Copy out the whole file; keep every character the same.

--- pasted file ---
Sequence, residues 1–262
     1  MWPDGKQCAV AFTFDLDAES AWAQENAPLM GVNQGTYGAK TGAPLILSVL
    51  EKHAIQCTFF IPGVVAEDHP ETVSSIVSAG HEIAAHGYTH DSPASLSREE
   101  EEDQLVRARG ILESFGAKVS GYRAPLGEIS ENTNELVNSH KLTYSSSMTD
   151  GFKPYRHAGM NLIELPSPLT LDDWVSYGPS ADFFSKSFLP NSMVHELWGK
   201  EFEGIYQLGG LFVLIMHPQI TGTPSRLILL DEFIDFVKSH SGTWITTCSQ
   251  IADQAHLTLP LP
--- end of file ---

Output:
Sequence, residues 1–262
     1  MWPDGKQCAV AFTFDLDAES AWAQENAPLM GVNQGTYGAK TGAPLILSVL
    51  EKHAIQCTFF IPGVVAEDHP ETVSSIVSAG HEIAAHGYTH DSPASLSREE
   101  EEDQLVRARG ILESFGAKVS GYRAPLGEIS ENTNELVNSH KLTYSSSMTD
   151  GFKPYRHAGM NLIELPSPLT LDDWVSYGPS ADFFSKSFLP NSMVHELWGK
   201  EFEGIYQLGG LFVLIMHPQI TGTPSRLILL DEFIDFVKSH SGTWITTCSQ
   251  IADQAHLTLP LP